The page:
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Powerful and Persuasive Types of Personal Injury Expert Witnesses



What Is a Personal Injury Witness?

Personal injury expert witnesses are types of professionals who provide advice on topics including the following:

  • personal injuries
  • personal injury evaluations
  • personal injury coverage

They are qualified by the court system to provide expert testimony in personal injury trials. The expert witness may be qualified to serve through his or her academic training, practical work experience, or board certification, among other types of credentials.

In the personal injury context, both parties in the litigation frequently need to call expert witnesses to prove an element or aspect of their case. Personal injury litigation often centers upon the testimony of battling or dueling expert witnesses in medical and/or other fields.

Types of Personal Injury Expert Witnesses:

There are several different types of personal injury expert witnesses. The following types of expert witnesses are commonly retained and used in personal injury cases:

  • doctors
  • engineers (such as automotive, mechanical, or equipment)
  • product developers
  • psychiatrists
  • forensics experts
  • medical professionals and providers
  • mental health experts or psychologists
  • law officers

Nearly all personal injury cases involve some aspect of medical expert witness testimony because of the injuries that result. Some states even require the retention of a medical expert witness prior to a plaintiff even starting a suit.

What Do Expert Witnesses Do?

Regardless of the type of expert witness, in order to be deemed an expert, the expert witness candidate must do several things. First, he or she must be qualified to render an opinion in a given field. Second, the expert must also possess an opinion that is deemed reliable in a particular field.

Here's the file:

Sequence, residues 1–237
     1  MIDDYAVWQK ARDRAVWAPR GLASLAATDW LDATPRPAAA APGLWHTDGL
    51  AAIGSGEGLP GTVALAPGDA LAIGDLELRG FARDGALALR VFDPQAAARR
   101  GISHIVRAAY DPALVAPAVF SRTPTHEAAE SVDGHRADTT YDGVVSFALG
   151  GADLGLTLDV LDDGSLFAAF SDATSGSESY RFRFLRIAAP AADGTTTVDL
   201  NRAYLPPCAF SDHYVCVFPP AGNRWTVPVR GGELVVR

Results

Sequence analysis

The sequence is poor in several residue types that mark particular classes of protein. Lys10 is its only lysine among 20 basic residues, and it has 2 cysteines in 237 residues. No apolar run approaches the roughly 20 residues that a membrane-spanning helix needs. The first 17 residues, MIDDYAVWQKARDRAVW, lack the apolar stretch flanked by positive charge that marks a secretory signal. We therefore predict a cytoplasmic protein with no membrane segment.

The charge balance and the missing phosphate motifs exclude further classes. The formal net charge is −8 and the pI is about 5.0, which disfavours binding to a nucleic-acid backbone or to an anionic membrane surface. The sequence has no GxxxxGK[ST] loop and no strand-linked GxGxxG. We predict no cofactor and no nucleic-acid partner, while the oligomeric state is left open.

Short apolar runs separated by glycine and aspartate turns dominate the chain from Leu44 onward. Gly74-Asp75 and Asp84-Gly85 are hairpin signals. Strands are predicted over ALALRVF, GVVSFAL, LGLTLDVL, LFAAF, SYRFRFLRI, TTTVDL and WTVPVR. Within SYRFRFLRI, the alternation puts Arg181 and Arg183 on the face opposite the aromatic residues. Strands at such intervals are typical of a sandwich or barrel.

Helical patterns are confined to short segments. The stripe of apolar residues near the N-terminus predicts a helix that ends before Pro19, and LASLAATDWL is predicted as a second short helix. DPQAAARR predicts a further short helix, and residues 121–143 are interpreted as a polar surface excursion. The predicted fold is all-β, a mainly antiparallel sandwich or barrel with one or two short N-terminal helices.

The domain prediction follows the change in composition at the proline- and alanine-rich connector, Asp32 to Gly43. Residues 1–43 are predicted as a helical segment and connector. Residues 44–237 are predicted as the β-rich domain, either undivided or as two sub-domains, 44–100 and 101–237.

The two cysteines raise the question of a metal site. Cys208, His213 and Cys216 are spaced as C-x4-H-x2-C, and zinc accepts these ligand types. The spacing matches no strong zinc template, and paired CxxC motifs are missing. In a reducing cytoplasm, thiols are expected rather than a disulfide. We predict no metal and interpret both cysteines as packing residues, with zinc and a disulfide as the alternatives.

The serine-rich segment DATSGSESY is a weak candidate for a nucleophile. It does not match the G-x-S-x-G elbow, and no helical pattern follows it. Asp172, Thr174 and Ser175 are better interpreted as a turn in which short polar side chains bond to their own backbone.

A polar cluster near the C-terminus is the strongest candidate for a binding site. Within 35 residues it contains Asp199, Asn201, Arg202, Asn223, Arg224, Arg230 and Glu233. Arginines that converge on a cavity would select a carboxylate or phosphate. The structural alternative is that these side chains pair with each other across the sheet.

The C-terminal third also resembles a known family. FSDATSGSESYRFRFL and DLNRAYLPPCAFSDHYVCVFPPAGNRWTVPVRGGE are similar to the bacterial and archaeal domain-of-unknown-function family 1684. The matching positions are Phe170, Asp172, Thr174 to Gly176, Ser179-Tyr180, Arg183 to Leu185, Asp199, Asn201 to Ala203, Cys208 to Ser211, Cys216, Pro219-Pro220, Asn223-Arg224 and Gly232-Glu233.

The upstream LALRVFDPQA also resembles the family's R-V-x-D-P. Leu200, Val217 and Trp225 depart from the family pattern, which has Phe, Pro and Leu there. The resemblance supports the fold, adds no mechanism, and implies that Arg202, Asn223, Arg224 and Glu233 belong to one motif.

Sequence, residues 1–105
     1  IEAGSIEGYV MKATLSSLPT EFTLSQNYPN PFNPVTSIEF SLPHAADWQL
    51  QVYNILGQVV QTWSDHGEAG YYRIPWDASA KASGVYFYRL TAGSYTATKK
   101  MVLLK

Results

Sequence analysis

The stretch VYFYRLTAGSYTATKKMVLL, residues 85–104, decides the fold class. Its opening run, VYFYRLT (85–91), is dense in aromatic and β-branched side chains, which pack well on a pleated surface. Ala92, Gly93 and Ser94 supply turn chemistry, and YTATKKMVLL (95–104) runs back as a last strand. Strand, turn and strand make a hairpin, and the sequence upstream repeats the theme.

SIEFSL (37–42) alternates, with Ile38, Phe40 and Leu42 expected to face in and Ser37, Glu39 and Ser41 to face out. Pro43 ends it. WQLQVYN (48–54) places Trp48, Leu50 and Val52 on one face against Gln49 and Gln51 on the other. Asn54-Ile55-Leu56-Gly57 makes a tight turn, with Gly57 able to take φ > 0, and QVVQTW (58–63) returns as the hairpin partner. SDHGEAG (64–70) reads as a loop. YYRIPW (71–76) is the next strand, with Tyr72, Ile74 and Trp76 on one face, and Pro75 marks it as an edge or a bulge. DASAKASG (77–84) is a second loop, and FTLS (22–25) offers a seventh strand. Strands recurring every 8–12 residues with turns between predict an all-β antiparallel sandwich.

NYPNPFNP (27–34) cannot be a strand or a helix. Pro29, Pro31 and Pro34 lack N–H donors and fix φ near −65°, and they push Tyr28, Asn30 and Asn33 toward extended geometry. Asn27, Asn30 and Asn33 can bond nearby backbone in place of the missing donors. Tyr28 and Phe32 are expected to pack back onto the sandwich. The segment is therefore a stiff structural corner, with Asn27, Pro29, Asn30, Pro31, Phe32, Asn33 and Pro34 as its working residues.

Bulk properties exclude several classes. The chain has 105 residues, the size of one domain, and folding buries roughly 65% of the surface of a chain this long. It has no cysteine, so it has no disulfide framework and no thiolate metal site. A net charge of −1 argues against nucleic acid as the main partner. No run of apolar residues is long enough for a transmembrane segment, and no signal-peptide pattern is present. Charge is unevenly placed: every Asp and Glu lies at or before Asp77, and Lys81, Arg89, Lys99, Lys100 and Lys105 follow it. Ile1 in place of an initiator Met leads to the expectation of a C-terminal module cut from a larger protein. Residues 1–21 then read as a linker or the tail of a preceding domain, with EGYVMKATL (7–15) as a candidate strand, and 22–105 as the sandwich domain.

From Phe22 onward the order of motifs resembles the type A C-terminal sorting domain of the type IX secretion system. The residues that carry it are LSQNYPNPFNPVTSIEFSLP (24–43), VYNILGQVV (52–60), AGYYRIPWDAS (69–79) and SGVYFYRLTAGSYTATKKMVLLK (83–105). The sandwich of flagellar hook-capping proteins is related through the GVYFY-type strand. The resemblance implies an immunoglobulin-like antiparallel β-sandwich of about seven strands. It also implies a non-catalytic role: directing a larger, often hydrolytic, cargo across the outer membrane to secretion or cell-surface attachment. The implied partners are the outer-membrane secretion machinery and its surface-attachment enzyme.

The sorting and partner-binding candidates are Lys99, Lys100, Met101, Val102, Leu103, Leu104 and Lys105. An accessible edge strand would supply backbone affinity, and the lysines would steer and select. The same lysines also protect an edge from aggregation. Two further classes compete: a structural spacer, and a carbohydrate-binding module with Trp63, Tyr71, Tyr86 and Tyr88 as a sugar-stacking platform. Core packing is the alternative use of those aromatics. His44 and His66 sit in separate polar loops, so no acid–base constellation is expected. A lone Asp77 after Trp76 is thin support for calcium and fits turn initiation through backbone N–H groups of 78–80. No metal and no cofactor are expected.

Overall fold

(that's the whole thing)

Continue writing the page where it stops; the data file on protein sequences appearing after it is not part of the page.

The parties must disclose, through the discovery and pre-trial preparation process, the testimony of their respective expert witnesses. This has to happen before the expert is called to the stand during trial. The early disclosure of expert witness testimony allows the other litigants to depose the expert and to retain and provide rebuttal expert witness testimony of their own, as appropriate. The failure to properly, timely, and adequately disclose expert witness testimony can lead to exclusion of the expert, dismissal of the case, or early disposition of the case (such as through summary judgment), as a punitive measure.

Expert witnesses in the personal injury field are responsible for providing information that substantiates a portion of a litigant's case and, in so doing, helps that litigant to prove his or her case. These witnesses give testimony based upon their knowledge base, acquired through sources such as education, training, work experience, and the like. Expert witnesses also prepare written reports and testimony for depositions and trial on personal injury claims, liability, job injuries, and similar topics.